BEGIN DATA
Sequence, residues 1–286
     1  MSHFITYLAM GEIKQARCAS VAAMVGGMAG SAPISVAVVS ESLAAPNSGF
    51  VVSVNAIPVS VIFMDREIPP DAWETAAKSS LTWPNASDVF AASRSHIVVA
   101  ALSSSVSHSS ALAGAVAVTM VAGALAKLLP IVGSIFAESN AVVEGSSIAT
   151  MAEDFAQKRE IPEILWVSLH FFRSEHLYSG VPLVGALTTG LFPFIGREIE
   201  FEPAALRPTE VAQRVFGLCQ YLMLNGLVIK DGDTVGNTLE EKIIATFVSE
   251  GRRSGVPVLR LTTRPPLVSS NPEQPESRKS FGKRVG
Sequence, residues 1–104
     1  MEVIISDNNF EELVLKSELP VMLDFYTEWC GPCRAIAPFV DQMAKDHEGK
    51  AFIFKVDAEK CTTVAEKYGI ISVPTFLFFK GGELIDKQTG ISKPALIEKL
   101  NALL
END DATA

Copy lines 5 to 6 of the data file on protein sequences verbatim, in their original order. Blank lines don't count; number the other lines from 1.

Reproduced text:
   151  MAEDFAQKRE IPEILWVSLH FFRSEHLYSG VPLVGALTTG LFPFIGREIE
   201  FEPAALRPTE VAQRVFGLCQ YLMLNGLVIK DGDTVGNTLE EKIIATFVSE